Director ROB REINER and his wife, photographer MICHELE SINGER REINER, have purchased the longtime Brentwood home of NORMAN LEAR, writer-producer of the TV sitcom "All in the Family," in which Reiner played Archie Bunker's live-in nemesis Michael (Meathead) Stivic.
Reiner left the show after eight years at the end of the 1977-78 season to become one of Hollywood's hottest directors, with such credits as "When Harry Met Sally . . . " and "Misery," whose star, Kathy Bates, has been nominated for a "Best Actress" Academy Award.
Lear, who produced a number of Reiner-directed films including "Stand by Me" and "Princess Bride," has several TV shows in development, and his "Sunday Dinner," a six-episode series for CBS starring Robert Loggia, is expected to air sometime this year.
Lear had owned the Reiners' new home since 1972. He first listed it last spring at $6.5 million, then reduced it to $5.45 million. It sold for $4.75 million, say sources not involved in the deal.
The two-story, New England-style home has six bedrooms, six baths and two staff quarters in about 10,000 square feet. The house is behind gates on less than an acre, with a swimming pool, pool pavilion and gardens. A tennis court on a lot across the street was included in the sale.
The house was built in 1936 and was owned first by actor Henry Fonda, who sold it to actor Paul Henreid. Lear and his ex-wife, Frances, were the third owners. They added a screening room and a guest suite. He kept the house after his $112-million divorce settlement in 1987.
He and his third wife, Lyn Davis Lear, and their little boy, Ben, have moved to a nearly new, 12,300-square-foot house, which they bought in 1988, off Mandeville Canyon. Lear has been quoted as saying that it cost $15 million to buy and remodel, including the addition of a 30-car parking facility under a tennis court that was under construction last fall.
The Reiners have been living in the Beverly Hills Post Office Area, sources say.
Actress SUSAN ST. JAMES and her husband, NBC Sports President DICK EBERSOL, have been doing some interior decorating at their newly built home in Telluride, Colo.
They bought the ski-in/ski-out home for close to its $1,575,000 asking price, sources say.
She owned a duplex in Telluride for 20 years, "so they moved from that into this huge log home," a source said.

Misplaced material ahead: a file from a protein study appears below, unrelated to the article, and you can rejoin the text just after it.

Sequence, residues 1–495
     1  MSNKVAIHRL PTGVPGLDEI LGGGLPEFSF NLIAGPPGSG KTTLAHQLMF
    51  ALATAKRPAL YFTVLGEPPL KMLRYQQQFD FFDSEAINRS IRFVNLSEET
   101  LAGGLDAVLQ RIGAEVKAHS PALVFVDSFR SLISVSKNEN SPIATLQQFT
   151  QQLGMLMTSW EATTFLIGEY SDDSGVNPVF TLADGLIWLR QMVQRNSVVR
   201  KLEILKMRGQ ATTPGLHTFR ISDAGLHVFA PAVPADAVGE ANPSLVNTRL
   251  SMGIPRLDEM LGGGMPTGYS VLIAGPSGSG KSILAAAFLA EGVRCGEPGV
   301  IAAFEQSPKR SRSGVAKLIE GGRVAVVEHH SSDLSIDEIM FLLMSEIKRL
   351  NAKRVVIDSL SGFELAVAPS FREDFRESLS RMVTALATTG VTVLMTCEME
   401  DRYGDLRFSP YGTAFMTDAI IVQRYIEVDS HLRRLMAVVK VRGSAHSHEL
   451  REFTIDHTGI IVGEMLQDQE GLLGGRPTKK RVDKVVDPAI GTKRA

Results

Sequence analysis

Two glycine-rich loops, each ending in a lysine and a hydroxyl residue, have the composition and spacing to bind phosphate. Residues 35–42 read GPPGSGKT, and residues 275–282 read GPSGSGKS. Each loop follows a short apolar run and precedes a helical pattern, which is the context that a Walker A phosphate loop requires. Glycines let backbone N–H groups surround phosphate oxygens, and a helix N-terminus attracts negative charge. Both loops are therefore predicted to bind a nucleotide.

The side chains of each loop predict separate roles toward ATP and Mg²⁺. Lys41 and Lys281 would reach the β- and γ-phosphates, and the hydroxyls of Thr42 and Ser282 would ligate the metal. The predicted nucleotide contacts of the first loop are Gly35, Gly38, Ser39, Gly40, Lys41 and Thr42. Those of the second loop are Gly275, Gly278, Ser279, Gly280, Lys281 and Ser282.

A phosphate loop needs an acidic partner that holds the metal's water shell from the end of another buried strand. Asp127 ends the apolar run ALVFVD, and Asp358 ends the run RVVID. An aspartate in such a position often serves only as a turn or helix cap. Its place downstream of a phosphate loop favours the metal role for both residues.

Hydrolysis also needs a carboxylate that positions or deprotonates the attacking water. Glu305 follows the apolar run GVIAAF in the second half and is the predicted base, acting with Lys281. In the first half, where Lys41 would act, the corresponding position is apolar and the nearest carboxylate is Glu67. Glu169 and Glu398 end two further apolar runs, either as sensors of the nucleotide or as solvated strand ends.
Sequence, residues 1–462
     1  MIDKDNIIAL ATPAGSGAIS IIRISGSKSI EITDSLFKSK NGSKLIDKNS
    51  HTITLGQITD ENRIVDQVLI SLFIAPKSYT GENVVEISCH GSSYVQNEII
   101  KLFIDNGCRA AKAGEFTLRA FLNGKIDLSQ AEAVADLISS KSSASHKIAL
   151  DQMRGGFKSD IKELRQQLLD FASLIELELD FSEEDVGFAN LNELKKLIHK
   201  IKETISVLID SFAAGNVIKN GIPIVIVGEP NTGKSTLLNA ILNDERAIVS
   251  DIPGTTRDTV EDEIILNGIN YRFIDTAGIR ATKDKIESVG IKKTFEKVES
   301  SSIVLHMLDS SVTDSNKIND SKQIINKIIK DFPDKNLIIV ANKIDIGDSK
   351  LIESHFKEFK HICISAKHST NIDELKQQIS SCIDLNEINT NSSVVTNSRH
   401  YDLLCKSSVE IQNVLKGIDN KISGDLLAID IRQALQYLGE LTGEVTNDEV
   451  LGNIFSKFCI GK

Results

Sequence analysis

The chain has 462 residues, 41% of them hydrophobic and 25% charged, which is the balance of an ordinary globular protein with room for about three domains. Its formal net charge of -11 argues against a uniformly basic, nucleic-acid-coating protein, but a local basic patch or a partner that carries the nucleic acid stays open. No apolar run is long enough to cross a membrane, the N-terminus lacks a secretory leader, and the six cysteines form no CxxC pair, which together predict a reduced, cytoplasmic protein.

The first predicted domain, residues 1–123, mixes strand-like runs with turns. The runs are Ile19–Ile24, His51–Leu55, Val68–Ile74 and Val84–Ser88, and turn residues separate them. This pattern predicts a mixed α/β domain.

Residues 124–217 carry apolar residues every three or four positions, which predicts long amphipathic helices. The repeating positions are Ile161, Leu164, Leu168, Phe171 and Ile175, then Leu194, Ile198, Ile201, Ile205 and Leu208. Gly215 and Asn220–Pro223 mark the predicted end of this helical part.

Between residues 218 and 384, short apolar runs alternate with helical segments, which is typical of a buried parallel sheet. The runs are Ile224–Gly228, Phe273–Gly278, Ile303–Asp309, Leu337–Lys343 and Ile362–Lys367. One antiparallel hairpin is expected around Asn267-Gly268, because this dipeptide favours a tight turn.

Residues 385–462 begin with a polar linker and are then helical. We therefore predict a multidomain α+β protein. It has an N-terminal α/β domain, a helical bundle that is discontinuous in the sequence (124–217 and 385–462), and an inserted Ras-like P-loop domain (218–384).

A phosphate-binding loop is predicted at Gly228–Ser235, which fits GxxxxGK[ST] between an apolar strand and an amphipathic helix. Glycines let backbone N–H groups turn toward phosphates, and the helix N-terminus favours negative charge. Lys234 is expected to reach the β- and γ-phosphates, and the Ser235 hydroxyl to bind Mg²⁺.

The new home has five master suites and 6 1/2 baths in four levels and 6,300 square feet. It also has a large, stone fireplace, an observation tower and an elevator. It was built by San Gabriel Valley-based Owen Development.
This is a second home for the couple, who make their permanent home in Litchfield, Conn.
BRUCE JENNER, a gold medalist in the 1976 Olympics who has since worked part time for NBC and raced on the Trans Am circuit for Firestone, has leased an ocean-view home in Malibu for a year at $7,000 a month, Malibu sources say.
Built four years ago, the $2-million home has five bedrooms and maid's quarters in 5,500 square feet. It also has a pool and a spa.
Jenner was previously living in Malibu with his wife, from whom he recently separated, the sources said.
Ira P. Greenspon at Malibu Realty had the listing, but wouldn't comment on the listing when contacted.
The late actor ERROL FLYNN's Hollywood Hills estate has been sold to RANDY MILLER, president and co-founder of New York Seltzer.
"The estate has four totally landscaped acres, a beautiful pool, tennis court and forest," said Denise Fraker, who represented the buyer and sellers through Jon Douglas Co.'s Beverly Hills office.
"The only thing missing is the house," Fraker said.
The sellers, Stephen and Judith Weis, tore down the residence, built by Flynn in the late 1920s. The late pop singer RICK NELSON, who owned the property at one time, was the last person to live in the house, Fraker said.
"It was OK for my client, the buyer, because he wants to build a house," she added.
The property sold for close to its $4.3-million asking price, other real estate sources said.
DAN ENRIGHT, president and chief executive officer of Barry & Enright Productions, and SUSAN STAFFORD, who preceded Vanna White for seven years as hostess of NBC's "Wheel of Fortune," have listed their 15th-story penthouse, on a bluff in Santa Monica, at $8.3 million, including a 1979 white Clenet specialty automobile said to be in mint condition.
Barry & Enright, formed in 1947, has produced such shows as "Concentration," "The Joker's Wild" and "Tic Tac Dough."
The 3,000-square-foot condo has 360-degree views and a separate guest or maid's unit on a separate floor.
Enright and Stafford want to move to larger quarters right on the beach, and are considering the South Bay, sources say.
Nili Hadash of Fred Sands' Brentwood office has the listing.